CD: Island Records 314-524-119-2
It's been a while since I found a little treat like this one. I was first exposed to Buju Banton by Hellcat Records on their Give 'Em The Boot II sampler. He caught my ear with "Misty Days", a relatively simple melody that was just downright catchy.
'Till Shiloh is actually much more interesting than what I was lead to believe by "Misty Days." The album is a fusion of roots reggae, dub, hip hop and what I'd consider traditional African rhythm. It sounds like a mutt, but bear with me. Most of the album features upbeat dub style synthetic beats similar to what made Shaggy popular, heavily laden with lyrics very similar in topic to those found on your average roots reggae album by Burning Spear, Steel Pulse, Uroy or the like. The interesting part is how the focus has been shifted from the norm. Most dub albums are very bass heavy, with a focus on beat. Roots reggae emphasizes rhythm and melody. Buju Banton is very heavy on the vocals, the beat and rhythm are there for back up only. It's a refreshing change, and he does have a strong gutsy voice that's worth listening to.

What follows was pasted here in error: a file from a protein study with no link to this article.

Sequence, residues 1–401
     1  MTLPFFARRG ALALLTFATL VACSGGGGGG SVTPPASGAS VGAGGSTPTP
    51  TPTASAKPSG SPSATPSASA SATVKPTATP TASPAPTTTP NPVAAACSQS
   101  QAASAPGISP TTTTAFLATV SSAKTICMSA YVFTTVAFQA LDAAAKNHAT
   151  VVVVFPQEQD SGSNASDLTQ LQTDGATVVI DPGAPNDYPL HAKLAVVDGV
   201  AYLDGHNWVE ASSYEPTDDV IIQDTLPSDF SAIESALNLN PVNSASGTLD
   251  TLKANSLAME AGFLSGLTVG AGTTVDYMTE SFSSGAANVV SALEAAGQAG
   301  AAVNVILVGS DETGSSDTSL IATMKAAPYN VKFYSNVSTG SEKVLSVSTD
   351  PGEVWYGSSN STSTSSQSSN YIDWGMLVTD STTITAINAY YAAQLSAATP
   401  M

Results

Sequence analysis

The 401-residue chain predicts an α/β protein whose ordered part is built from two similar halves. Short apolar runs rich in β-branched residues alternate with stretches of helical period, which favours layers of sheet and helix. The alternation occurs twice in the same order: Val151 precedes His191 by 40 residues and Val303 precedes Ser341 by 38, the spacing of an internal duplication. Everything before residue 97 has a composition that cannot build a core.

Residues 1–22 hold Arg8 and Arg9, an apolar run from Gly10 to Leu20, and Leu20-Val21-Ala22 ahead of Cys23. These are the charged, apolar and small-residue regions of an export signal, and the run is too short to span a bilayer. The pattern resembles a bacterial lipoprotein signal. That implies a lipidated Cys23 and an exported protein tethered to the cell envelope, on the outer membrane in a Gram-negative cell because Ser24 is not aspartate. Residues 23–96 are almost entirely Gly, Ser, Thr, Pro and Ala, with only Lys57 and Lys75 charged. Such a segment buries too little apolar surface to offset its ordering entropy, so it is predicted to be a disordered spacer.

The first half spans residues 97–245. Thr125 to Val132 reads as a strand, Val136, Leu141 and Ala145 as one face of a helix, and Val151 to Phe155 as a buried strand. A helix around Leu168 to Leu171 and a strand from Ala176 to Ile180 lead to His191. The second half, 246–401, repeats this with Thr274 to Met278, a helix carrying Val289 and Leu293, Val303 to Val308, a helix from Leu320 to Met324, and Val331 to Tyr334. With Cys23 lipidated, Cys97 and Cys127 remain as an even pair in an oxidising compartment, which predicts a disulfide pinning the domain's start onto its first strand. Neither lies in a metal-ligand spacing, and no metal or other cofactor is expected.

The album isn't revolutionary, but an interesting deviation from the norm. If you are interested in Reggae or maybe looking for a new tangent to explore, check this one out.